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European Parliament approves ban on anonymous crypto transactions

The legislation is expected to become fully operational within three years.

a pirate using an anonymous crypto wallet

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A majority of the European Parliament’s lead committees have approved a proposed ban on anonymous cryptocurrency transactions made through hosted crypto wallets, as part of the European Union’s expanded Anti-Money Laundering (AML) and Counter-Terrorist Financing laws.

The new AML legislation, approved on March 19, applies limits for cash transactions and anonymous cryptocurrency payments. Under the new rules, anonymous cash payments over €3,000 will be banned in commercial transactions, and cash payments over €10,000 will be completely banned in business transactions.

The European Parliament’s ban on anonymous crypto transactions applies specifically to hosted or custodial crypto wallets offered by third-party service providers, such as centralized exchanges.

MEP Patrick Breyer (Pirate Party of Germany), one of only two members who voted against the ban, argues that the legislation compromises economic independence and financial privacy. Breyer claims that the ability to transact anonymously is a fundamental right and believes that the ban would have minimal effects on crime but would, in effect, deprive innocent citizens of their financial freedom.

“With the gradual abolition of cash, negative interest rates and the twisting of money supply at any time threaten card blocking. The dependency on banks is increasing menacingly. Such financial incapacitation must be stopped,” Breyer said (translated by Google from German) in a press release defending his position.

Breyer also expressed concerns about the potential consequences of the EU’s “war on cash,” including negative interest rates and the risk of banks cutting off the money supply. He emphasized the need to bring the best attributes of cash into the digital future and protect the right to pay and donate online without personal transactions being recorded.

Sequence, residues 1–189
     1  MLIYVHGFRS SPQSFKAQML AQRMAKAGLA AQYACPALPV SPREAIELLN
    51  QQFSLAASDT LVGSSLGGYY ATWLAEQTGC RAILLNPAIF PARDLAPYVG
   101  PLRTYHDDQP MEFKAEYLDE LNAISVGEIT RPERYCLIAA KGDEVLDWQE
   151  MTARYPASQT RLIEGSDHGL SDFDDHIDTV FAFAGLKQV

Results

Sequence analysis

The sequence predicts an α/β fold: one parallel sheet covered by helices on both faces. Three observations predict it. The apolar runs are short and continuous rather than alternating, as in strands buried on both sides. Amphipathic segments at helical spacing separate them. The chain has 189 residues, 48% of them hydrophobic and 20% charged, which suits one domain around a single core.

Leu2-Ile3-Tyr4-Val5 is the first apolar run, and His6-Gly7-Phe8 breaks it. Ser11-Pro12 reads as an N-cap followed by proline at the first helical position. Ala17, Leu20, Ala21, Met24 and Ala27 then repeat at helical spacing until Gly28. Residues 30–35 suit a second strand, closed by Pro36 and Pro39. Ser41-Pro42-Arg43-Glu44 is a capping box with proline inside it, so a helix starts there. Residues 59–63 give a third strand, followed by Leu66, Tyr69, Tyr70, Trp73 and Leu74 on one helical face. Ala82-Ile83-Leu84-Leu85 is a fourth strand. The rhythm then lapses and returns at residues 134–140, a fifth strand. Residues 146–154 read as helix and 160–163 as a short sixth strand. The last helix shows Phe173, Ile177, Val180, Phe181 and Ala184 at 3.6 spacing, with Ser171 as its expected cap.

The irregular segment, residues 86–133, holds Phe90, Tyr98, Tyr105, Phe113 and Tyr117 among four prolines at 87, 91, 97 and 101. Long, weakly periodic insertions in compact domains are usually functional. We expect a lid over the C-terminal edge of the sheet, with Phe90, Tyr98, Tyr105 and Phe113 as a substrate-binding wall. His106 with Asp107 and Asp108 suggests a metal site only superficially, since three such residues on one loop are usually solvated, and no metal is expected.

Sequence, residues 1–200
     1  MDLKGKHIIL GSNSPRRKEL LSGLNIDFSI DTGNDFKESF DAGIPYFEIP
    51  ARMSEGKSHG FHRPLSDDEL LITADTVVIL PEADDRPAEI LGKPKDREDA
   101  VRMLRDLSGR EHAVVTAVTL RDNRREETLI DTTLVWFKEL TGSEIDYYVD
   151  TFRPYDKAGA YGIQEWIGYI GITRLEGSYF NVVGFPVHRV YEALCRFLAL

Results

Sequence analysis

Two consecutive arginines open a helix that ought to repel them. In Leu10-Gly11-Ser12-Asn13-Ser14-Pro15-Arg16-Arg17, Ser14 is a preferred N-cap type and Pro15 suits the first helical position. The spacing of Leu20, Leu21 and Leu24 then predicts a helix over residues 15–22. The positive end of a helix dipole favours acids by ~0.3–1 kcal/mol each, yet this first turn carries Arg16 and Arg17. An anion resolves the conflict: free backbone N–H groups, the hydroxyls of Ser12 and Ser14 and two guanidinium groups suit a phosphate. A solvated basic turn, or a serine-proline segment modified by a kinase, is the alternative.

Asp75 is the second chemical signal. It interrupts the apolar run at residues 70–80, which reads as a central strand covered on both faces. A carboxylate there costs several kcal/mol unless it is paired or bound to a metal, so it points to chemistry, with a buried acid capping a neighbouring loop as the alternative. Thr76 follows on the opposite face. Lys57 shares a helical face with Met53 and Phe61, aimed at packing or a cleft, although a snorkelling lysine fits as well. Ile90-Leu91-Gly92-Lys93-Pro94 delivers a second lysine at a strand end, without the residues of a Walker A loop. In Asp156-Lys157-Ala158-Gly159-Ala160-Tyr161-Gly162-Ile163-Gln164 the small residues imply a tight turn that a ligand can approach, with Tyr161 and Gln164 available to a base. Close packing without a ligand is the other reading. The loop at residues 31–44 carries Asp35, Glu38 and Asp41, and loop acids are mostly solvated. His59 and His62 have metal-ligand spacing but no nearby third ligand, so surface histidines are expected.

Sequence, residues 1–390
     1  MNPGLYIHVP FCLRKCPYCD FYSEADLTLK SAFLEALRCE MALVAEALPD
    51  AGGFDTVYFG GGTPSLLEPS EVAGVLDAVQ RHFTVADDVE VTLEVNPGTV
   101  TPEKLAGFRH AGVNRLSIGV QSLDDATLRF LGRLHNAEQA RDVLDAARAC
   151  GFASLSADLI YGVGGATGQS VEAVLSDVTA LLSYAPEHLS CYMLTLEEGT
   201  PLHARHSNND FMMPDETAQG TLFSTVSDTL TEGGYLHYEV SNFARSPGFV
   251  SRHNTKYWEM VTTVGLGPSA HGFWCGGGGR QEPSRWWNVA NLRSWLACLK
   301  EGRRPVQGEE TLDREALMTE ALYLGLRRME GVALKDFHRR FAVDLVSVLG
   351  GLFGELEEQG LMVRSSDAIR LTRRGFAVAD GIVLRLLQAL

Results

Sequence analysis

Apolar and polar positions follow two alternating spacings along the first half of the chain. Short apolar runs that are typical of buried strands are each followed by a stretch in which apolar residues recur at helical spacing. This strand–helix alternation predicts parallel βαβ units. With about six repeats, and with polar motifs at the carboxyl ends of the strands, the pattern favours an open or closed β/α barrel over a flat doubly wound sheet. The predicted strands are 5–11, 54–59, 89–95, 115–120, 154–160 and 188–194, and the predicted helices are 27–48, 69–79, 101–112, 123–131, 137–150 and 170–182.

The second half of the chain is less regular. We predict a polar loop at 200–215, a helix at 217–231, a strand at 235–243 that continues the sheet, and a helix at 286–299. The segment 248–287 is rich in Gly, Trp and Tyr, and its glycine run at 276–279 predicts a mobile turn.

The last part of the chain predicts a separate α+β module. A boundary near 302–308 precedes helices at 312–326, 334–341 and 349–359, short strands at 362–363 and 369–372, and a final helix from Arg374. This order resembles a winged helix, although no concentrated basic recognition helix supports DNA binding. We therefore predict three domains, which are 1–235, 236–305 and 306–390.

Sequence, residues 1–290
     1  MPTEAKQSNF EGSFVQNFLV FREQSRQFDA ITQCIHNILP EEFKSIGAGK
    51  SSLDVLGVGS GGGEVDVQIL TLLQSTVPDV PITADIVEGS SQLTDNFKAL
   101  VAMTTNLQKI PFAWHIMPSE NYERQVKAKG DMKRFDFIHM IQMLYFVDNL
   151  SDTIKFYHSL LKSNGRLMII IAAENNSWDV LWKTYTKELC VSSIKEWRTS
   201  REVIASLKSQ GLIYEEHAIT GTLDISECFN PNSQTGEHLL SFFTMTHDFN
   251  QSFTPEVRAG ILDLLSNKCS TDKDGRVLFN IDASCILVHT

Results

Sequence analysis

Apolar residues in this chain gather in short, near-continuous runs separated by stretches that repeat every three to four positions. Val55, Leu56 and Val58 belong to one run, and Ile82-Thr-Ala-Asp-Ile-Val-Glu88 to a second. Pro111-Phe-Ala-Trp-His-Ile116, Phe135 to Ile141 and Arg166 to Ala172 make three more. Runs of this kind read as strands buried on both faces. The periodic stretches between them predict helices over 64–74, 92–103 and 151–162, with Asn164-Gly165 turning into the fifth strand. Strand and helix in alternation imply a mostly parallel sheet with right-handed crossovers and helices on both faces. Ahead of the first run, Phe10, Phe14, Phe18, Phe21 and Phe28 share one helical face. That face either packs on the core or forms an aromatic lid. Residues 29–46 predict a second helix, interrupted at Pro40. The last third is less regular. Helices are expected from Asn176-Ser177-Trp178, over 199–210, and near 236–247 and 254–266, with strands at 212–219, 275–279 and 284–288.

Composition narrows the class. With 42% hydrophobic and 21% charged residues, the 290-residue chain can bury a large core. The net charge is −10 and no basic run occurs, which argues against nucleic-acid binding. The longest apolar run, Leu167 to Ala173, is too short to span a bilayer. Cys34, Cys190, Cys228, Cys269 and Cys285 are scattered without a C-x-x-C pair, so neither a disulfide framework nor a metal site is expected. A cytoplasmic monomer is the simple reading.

The crypto community has had a mixed response to the EU’s regulatory measures. Some believe the new AML laws are necessary, while others fear they may infringe on privacy and restrict economic activity.

Daniel “Loddi” Tröster, host of the Sound Money Bitcoin Podcast, claims that the practical hurdles and consequences of the recent legislation is of this opinion, citing its impact on donations and the broader implications for cryptocurrency use within the EU.

“Anyone who would like to donate anonymously can no longer do so with the new regulations. In practice it cannot be prevented, but if the donation recipient operates a hosted wallet, the crypto custodian (which is regulated in the EU) could face restrictions from politicians,” Tröster said (translated by X).

Opponents of the ban argue that unlike cash, which is entirely anonymous, cryptocurrency transactions can be traced on the blockchain, and law enforcement has successfully prosecuted criminals by detecting unusual patterns and identifying suspects. They also point out that Virtual Assets are of minor relevance to the global financial system, and there is insufficient evidence on the volume and frequency of their usage for money laundering.

Patrick Hansen, Director of EU Strategy & Policy at Circle Internet Financial, provided a clarification on the matter of the new framework. According to Hansen, this was not a “crypto regulation” per se, but rather a “broad AML/CFT” framework that applies to “obliged entities.” In this instance, obliged entities (OEs) includes all types of financial institutions, a category that includes crypto-asset providers (CASPs). Hansen further clarifies that non-financial institutions or organizations such as “football clubs or gambling services” may also be included due to their vulnerability to AML/CFT risks.

“[…] the AMLR applies only to OEs/service providers and explicitly excludes obligations for providers of hardware and software or providers of self-custody wallets that don’t have access/control over the crypto-assets (e.g. Metamask, ledger),” Hansen stated in a thread on X.

The legislation is expected to become fully operational within three years from its entry into force.

Update: This article has been updated to reflect the statement from Patrick Hansen, Circle’s Director of EU Strategy & Policy.

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